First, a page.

But Bennett’s might not be the test case that supporters of official English have been waiting for after all. Suspensions are a matter of school discipline, and courts are often reluctant to intercede in such internal decision-making. More important, though, is the possibility that it was Bennett, not her instructor, who showed language bias. According to PCC’s nursing program director, David Kutzler, who is mentioned in the lawsuit, many of Bennett’s allegations aren’t true. Spanish-speaking students did not disrupt classes or steer discussion from English to Spanish, leaving anglophone students at a disadvantage and unable to learn. Kutzler told the Daily Caller that at Pima, “All of our courses are taught in English; all student-instructor interactions are in English; all learning materials are in English and all tests are in English.” Kutzler says that Bennett wanted him to force the other nursing students to speak English when conversing privately, something that he didn’t want to do and that, in any case, he had no authority to do. It wasn’t a war on English after all at Pima, but a war on Spanish.

    Frankly, there is no war on English, at Pima Community College or anywhere else in the United States. There seem to be only two cases in the record of language rights litigation that touch on discrimination against English speakers, and neither one screams “War on English!” In 1990 an English-speaking nurse charged that her supervisor in a New York City hospital discriminated against her by speaking Tagalog, but her complaint was dismissed when she did not appear at trial, and so the question of reverse language discrimination was not tested. In another case, Dimaranan v. Pomona Valley Hospital (775 F. Supp. 338 [C.D. Ca. 1991]), the court ruled that hospital management could impose a temporary “no Tagalog” rule on the night shift in one unit in order to deal with a supervisor’s mismanagement, which included alleged favoritism toward Tagalog-speaking nurses at the expense of English- and Spanish-speaking nurses, but discrimination against English-speakers was not a factor in the decision.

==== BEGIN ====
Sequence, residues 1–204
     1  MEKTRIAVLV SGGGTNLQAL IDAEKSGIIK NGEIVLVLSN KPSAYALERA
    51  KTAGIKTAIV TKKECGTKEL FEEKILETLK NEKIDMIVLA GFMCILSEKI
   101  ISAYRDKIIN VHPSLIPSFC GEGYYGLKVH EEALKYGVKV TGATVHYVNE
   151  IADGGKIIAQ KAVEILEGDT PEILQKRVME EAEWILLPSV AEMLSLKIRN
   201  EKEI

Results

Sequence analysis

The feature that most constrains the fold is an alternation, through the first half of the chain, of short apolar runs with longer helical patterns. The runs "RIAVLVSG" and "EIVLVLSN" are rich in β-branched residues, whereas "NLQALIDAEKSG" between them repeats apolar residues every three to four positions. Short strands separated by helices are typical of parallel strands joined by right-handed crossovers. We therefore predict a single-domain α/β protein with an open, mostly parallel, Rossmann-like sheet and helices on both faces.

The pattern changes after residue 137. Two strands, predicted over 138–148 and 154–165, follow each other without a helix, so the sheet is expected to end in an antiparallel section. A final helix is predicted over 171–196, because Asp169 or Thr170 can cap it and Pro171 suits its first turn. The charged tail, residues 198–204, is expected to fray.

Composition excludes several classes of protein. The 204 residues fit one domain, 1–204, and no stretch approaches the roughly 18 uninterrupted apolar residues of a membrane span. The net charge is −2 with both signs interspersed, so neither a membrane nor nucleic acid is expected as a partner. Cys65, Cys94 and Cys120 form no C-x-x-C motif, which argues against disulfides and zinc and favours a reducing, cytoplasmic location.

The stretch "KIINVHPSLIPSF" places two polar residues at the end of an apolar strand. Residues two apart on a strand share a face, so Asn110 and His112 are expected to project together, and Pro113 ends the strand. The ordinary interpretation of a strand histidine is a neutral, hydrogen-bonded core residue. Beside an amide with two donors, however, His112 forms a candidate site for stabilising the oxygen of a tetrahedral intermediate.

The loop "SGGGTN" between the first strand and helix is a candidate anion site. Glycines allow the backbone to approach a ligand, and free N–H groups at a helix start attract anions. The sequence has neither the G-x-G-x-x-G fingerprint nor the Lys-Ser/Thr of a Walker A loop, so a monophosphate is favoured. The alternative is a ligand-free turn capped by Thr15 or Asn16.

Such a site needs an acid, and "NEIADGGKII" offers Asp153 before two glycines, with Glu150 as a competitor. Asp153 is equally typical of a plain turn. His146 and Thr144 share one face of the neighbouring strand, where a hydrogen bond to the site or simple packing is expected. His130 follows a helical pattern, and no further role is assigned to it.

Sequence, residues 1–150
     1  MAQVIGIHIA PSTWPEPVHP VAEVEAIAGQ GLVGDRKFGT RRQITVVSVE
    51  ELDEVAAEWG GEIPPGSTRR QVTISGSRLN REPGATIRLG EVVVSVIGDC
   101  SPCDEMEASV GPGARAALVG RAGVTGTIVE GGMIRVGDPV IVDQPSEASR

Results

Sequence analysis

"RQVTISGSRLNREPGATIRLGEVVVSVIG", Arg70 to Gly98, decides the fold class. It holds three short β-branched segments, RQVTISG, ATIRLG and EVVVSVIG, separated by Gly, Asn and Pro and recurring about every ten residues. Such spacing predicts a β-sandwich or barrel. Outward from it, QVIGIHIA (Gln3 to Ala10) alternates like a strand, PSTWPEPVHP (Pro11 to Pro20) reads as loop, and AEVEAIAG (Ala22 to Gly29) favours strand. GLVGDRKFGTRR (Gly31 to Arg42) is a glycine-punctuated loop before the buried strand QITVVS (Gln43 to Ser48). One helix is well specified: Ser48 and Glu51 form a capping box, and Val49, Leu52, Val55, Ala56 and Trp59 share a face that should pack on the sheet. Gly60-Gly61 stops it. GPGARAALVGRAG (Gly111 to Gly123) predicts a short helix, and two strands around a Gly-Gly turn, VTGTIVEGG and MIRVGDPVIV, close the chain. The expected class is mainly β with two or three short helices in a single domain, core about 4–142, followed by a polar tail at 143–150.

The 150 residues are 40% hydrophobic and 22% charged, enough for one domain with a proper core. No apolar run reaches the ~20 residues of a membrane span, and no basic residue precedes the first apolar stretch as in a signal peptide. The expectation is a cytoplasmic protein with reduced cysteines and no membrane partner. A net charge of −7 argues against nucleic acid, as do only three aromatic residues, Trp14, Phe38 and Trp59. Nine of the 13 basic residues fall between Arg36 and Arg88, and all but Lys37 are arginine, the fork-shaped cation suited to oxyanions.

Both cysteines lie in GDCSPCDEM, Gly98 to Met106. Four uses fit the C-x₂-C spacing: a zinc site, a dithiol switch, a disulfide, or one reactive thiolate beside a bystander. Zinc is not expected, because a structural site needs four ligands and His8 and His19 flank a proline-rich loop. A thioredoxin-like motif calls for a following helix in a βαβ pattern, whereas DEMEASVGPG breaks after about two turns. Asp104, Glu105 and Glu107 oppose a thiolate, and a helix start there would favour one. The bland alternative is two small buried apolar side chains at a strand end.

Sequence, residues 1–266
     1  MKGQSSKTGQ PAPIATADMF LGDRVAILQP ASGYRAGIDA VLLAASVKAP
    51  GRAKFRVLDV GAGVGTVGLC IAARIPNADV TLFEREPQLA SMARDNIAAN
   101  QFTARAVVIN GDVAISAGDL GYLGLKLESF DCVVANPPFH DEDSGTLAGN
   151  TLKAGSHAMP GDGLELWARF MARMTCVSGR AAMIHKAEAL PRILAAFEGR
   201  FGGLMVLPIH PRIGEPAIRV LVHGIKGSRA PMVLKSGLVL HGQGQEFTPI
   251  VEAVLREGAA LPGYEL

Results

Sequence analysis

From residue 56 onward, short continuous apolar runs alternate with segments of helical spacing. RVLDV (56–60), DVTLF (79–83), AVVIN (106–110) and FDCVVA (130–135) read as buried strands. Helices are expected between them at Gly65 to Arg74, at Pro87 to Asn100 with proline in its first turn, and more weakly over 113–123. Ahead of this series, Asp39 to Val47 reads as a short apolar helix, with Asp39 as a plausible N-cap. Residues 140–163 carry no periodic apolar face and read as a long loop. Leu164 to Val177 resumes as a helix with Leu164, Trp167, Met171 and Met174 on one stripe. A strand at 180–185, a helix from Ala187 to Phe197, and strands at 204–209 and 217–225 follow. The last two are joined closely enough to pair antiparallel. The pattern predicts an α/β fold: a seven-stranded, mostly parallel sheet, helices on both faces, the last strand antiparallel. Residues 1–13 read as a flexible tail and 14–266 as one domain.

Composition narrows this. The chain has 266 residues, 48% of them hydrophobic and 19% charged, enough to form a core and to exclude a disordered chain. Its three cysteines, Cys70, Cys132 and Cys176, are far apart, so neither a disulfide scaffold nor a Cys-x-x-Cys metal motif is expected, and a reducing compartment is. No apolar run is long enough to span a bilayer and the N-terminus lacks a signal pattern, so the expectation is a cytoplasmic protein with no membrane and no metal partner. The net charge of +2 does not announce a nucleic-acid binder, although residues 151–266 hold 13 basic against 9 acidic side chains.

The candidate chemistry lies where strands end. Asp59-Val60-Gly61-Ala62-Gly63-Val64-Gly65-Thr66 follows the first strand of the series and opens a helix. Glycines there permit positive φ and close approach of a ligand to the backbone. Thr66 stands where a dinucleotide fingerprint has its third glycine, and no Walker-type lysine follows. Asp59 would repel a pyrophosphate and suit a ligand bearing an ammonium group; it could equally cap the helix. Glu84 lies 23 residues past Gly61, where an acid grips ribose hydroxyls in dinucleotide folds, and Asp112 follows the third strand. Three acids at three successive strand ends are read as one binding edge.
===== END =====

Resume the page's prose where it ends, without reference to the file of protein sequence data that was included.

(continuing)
Indeed, most language discrimination cases protest the imposition of English-only workplace rules. So far as nursing goes, most nurses who have sued did so because they’ve been told they can’t speak Tagalog or Spanish or some other nonanglophone language on the job. As for schools, most schools seem to be at war with languages other than English: one Nevada school district banned Spanish on the schoolbus; a New Jersey high school tried to ban foreign languages in the classroom; and a federal court upheld a Kansas school ban on all languages but English in the hallways, the lunchroom, and the playground as well.

    It’s not clear, too, that anyone in the United States has ever been injured by an agent of government simply for using English. Like Article XXVIII of Arizona’s constitution, a federal proposal to make English official, the English Language Unity Act (H.R. 997), provides those who feel they have been discriminated against for using English the right to sue: “A person injured by a violation of this chapter may in a civil action . . . obtain appropriate relief.”

    Provisions like these reinforce the growing fear that foreign languages threaten the right of Americans to go about their lives in an English-only environment. But such laws are paranoid. Yes, it’s possible to discriminate against an English speaker, but such discrimination will never happen in numbers great enough to warrant legislation framed to suggest that English and its speakers are in any danger. Instead, it’s minority language speakers whose language use is targeted in the workplace, in schools, and by governments like Arizona’s, whose official language law is really a declaration of war on Spanish.